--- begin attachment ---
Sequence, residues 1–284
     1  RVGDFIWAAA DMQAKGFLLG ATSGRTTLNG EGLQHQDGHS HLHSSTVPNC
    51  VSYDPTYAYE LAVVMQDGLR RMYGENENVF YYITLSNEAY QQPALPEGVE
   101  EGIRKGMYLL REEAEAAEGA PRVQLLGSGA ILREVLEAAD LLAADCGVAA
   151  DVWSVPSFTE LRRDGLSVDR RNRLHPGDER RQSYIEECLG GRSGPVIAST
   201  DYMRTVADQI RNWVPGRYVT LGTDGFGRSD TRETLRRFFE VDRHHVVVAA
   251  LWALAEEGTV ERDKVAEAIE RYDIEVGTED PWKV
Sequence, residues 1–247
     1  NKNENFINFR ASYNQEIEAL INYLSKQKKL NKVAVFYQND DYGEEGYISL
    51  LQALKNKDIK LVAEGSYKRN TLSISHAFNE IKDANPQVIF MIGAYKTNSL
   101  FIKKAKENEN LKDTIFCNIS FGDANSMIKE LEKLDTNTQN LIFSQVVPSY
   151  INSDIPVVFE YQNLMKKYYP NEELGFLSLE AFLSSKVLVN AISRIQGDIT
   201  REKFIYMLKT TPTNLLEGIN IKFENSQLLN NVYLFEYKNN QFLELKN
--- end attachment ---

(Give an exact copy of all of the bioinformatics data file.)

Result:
Sequence, residues 1–284
     1  RVGDFIWAAA DMQAKGFLLG ATSGRTTLNG EGLQHQDGHS HLHSSTVPNC
    51  VSYDPTYAYE LAVVMQDGLR RMYGENENVF YYITLSNEAY QQPALPEGVE
   101  EGIRKGMYLL REEAEAAEGA PRVQLLGSGA ILREVLEAAD LLAADCGVAA
   151  DVWSVPSFTE LRRDGLSVDR RNRLHPGDER RQSYIEECLG GRSGPVIAST
   201  DYMRTVADQI RNWVPGRYVT LGTDGFGRSD TRETLRRFFE VDRHHVVVAA
   251  LWALAEEGTV ERDKVAEAIE RYDIEVGTED PWKV
Sequence, residues 1–247
     1  NKNENFINFR ASYNQEIEAL INYLSKQKKL NKVAVFYQND DYGEEGYISL
    51  LQALKNKDIK LVAEGSYKRN TLSISHAFNE IKDANPQVIF MIGAYKTNSL
   101  FIKKAKENEN LKDTIFCNIS FGDANSMIKE LEKLDTNTQN LIFSQVVPSY
   151  INSDIPVVFE YQNLMKKYYP NEELGFLSLE AFLSSKVLVN AISRIQGDIT
   201  REKFIYMLKT TPTNLLEGIN IKFENSQLLN NVYLFEYKNN QFLELKN